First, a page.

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                     Office of the Press Secretary
                           (Kampala, Uganda)
For Immediate Release                                     March 24, 1998

                             State House Lodge
                              Kampala, Uganda

11:12 A.M. (L)

THE PRESIDENT: Good morning.

Q Mr. President, we haven't yet had the opportunity to ask you about your decision to invoke executive privilege, sir. Why shouldn't the American people see that as an effort to hide something from them?

THE PRESIDENT: Look, that's a question that's being asked and answered back home by the people who are responsible to do that. I don't believe I should be discussing that here.

Q Could you at least tell us why you think the First Lady might be covered by that privilege, why her conversations might fall under that?

THE PRESIDENT: All I know is -- I saw an article about it in the paper today. I haven't discussed it with the lawyers. I don't know. You should ask someone who does.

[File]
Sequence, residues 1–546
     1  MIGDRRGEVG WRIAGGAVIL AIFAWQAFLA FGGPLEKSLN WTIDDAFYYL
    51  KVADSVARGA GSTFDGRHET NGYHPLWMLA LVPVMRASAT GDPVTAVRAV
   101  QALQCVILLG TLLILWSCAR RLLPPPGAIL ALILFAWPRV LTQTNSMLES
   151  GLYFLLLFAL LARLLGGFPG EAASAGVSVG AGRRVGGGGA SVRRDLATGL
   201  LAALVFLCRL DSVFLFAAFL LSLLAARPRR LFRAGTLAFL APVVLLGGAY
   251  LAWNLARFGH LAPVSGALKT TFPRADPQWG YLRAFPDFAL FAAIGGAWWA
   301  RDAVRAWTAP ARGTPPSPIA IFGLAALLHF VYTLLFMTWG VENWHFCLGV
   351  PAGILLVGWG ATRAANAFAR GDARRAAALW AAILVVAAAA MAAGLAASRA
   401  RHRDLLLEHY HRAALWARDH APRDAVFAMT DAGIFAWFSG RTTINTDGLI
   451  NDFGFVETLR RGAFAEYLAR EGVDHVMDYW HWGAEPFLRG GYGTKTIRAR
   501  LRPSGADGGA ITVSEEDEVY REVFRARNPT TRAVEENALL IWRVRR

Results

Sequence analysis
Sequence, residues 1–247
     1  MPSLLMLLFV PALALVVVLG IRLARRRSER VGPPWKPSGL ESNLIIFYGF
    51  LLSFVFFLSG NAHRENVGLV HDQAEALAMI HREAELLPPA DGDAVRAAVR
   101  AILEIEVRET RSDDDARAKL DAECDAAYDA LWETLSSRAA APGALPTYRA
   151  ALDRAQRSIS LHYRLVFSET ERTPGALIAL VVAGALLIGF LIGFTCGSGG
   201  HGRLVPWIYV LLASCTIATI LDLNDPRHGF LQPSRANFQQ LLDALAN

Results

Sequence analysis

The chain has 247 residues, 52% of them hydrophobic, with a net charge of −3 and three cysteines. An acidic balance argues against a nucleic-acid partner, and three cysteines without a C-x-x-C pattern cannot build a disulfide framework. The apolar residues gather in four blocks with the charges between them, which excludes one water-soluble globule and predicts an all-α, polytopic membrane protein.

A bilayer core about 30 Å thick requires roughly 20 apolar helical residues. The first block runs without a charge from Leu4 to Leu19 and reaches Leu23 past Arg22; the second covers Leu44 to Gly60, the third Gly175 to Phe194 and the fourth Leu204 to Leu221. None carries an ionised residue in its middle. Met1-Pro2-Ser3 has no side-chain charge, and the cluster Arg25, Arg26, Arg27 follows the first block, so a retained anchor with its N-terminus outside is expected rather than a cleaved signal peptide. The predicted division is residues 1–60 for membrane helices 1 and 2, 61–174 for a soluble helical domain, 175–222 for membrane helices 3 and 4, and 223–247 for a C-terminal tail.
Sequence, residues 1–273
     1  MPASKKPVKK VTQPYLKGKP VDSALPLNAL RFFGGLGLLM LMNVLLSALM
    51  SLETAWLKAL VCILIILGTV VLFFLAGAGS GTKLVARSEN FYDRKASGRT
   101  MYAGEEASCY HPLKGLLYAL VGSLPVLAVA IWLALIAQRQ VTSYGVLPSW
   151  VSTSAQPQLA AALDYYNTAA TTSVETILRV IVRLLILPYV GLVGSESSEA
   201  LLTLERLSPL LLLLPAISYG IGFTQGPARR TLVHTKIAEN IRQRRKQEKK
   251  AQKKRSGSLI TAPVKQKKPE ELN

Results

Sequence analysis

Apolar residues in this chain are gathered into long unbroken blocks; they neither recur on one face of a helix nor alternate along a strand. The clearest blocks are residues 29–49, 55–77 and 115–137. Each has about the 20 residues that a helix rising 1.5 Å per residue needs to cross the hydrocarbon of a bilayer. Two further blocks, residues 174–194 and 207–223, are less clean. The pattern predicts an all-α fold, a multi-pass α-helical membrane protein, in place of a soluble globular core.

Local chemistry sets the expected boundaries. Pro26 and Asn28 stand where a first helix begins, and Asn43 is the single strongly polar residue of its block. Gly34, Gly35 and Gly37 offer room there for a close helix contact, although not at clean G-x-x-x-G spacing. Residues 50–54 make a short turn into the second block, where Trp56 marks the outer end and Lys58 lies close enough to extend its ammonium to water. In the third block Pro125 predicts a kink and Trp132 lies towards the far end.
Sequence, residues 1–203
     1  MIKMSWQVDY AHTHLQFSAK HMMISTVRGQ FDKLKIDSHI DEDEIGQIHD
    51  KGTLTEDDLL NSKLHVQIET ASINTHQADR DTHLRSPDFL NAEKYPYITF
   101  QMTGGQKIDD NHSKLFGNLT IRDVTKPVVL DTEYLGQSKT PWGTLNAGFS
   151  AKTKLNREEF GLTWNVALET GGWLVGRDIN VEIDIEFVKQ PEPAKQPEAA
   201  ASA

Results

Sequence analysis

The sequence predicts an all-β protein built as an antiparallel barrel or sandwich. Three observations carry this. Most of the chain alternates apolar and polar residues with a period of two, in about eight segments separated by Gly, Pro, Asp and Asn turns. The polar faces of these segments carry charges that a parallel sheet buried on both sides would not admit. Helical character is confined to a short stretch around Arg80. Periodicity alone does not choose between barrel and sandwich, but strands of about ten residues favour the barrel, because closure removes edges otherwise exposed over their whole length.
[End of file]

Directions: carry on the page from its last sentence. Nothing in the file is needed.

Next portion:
Q There is speculation, sir, you're glad to be out of Washington for a couple of weeks. Is that the case?

THE PRESIDENT: Well, I'm glad to be doing the business of the United States and the people. I've looked forward to this for years. And I think most Americans want me to do the job I was elected to do. And so I'm going to try to do what most people want me to do.

Q What was your reaction to the crowd yesterday? We saw -- the pictures were pretty dramatic.

THE PRESIDENT: I thought it was wonderful. I've never seen so many people at an event. But what I was concerned about, there were two people there who were just wedged between the crowd and the barrier, and I was afraid they would be hurt, or perhaps even killed, if we didn't get room for them. And they got them out and it was fine. It was a wonderful day, I loved it.

Q Have you talked to Boris Yeltsin, Mr. President?


END 11:15 A.M. (L)